Bank of Japan Governor Haruhiko Kuroda does not need to convince Japanese people like Kazue Shibata that deflation brings problems, but getting them to believe that higher prices will make things better is proving to be a harder sell.
Shibata, 65, who runs a small dress shop in central Tokyo, worries the BOJ's mission to hit a 2-percent inflation target could end up driving business away unless people also have more money in their pockets.
"If prices rise, people might not buy as much," she said, echoing a concern of many private-sector economists.
On Friday, Kuroda's BOJ doubled down on a high-stakes bet that the central bank can shake Japan's consumers from a defensive set of expectations hardened by a decade and a half of era of falling prices, lower incomes and stop-and-go growth.
"It's important for the BOJ to strongly commit to achieving its price target to get that price target firmly embedded in people's mindset," Kuroda said at a news conference on Friday, after the BOJ stunned markets with an unexpected expansion of its monetary stimulus program.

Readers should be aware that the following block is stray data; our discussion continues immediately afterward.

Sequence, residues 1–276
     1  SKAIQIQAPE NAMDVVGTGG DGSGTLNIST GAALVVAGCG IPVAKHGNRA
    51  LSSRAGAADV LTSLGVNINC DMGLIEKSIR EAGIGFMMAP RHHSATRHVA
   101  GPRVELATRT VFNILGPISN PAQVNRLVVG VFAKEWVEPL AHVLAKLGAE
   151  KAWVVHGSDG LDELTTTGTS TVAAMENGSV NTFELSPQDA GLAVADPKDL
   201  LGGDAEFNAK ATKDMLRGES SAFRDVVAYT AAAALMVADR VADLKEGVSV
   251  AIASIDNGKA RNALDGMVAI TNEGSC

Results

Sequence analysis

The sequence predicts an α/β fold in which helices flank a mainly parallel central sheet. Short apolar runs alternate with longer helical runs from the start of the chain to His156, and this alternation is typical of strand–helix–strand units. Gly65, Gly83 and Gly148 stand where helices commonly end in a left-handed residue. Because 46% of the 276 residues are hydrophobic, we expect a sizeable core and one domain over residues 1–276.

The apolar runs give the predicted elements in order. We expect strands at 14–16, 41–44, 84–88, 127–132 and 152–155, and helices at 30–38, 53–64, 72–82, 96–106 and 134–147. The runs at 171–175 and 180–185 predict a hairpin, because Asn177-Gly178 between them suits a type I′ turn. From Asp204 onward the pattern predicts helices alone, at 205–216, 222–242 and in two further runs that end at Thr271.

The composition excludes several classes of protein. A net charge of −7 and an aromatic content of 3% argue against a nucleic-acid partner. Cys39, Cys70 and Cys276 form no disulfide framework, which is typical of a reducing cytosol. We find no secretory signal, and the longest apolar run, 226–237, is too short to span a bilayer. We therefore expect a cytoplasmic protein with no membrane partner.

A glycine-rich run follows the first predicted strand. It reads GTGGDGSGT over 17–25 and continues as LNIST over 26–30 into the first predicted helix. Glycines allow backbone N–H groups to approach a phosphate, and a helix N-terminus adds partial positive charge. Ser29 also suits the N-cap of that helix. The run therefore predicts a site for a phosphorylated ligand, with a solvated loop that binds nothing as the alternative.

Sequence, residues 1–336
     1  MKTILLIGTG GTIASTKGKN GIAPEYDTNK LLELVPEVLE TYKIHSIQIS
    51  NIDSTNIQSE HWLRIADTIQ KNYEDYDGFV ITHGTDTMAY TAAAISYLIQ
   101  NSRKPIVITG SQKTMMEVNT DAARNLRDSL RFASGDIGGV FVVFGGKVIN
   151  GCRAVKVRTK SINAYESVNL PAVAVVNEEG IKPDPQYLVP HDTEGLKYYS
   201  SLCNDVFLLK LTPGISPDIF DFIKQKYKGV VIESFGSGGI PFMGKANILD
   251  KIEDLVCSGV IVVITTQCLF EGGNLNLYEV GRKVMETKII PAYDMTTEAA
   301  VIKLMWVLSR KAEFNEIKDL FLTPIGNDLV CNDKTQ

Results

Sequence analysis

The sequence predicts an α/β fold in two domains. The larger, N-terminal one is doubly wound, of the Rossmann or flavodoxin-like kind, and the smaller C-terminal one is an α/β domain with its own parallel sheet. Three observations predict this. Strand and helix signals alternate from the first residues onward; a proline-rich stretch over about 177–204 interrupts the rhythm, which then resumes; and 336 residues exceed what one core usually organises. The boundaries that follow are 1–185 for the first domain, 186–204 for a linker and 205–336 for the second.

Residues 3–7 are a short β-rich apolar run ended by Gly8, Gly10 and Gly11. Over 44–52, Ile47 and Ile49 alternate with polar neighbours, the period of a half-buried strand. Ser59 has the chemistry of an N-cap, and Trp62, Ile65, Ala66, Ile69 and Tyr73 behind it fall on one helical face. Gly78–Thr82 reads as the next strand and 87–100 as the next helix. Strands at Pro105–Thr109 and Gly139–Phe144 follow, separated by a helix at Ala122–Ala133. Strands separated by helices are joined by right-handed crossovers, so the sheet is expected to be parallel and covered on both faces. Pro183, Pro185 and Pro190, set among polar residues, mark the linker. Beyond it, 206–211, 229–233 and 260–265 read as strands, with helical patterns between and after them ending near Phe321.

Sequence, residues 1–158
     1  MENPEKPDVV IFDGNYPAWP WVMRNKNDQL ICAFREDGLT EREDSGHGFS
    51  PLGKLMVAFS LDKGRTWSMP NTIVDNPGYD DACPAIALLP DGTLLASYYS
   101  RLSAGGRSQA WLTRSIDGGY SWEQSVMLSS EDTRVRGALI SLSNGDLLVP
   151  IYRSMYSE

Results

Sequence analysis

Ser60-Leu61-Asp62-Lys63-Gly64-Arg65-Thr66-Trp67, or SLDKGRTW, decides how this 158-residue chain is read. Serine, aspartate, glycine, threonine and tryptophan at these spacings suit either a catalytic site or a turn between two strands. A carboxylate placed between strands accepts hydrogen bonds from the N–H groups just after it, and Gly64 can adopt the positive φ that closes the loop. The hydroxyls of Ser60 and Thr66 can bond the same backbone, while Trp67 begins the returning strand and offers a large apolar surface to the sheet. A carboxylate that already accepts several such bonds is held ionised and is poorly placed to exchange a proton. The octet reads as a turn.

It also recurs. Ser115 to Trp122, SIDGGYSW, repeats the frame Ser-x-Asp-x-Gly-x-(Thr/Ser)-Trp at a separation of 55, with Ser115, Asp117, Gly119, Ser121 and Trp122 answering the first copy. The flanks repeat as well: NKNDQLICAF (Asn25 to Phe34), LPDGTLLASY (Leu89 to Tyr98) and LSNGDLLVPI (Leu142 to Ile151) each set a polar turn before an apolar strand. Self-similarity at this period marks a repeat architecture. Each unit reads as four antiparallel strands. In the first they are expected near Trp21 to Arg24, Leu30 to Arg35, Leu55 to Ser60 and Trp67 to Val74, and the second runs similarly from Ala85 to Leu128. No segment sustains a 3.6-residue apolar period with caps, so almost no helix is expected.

"It won't do much good in trying to shake off the public's deflation mindset if you just say inflation will reach 2 percent some day," Kuroda said.
At the core of Prime Minister Shinzo Abe's "Abenomics" agenda is the assumption that the outlook for sustained inflation will prompt consumers to anticipate rising prices, and that consumption will rise as a result.
That represents a sea change for a country used to deflation, where clinging to cash today meant greater buying power tomorrow, a set of expectations that has proven hard to shake a year-and-a-half into an unprecedented easing by the BOJ.
Japan's economy, which has been hit by four recessions since 2000, is now on track to grow just 0.5 percent in the year to March, according to a revised projection by the central bank.
Shibata, who has run a shop in Tokyo's Higashi Azabu neighborhood offering ready-to-wear attire and custom-made items for about three decades, has seen the pain from that kind of slow growth - and falling prices - on her business.
"The prices people were willing to pay for order-made clothes fell, until they were almost the same as ready-to-wear," said Shibata, sitting in a cushioned chair next to her sewing machine.
Been down so long
In announcing its program of expanded asset purchases, the BOJ stuck with projections that it could hit Kuroda's 2-percent inflation in the fiscal year beginning next April.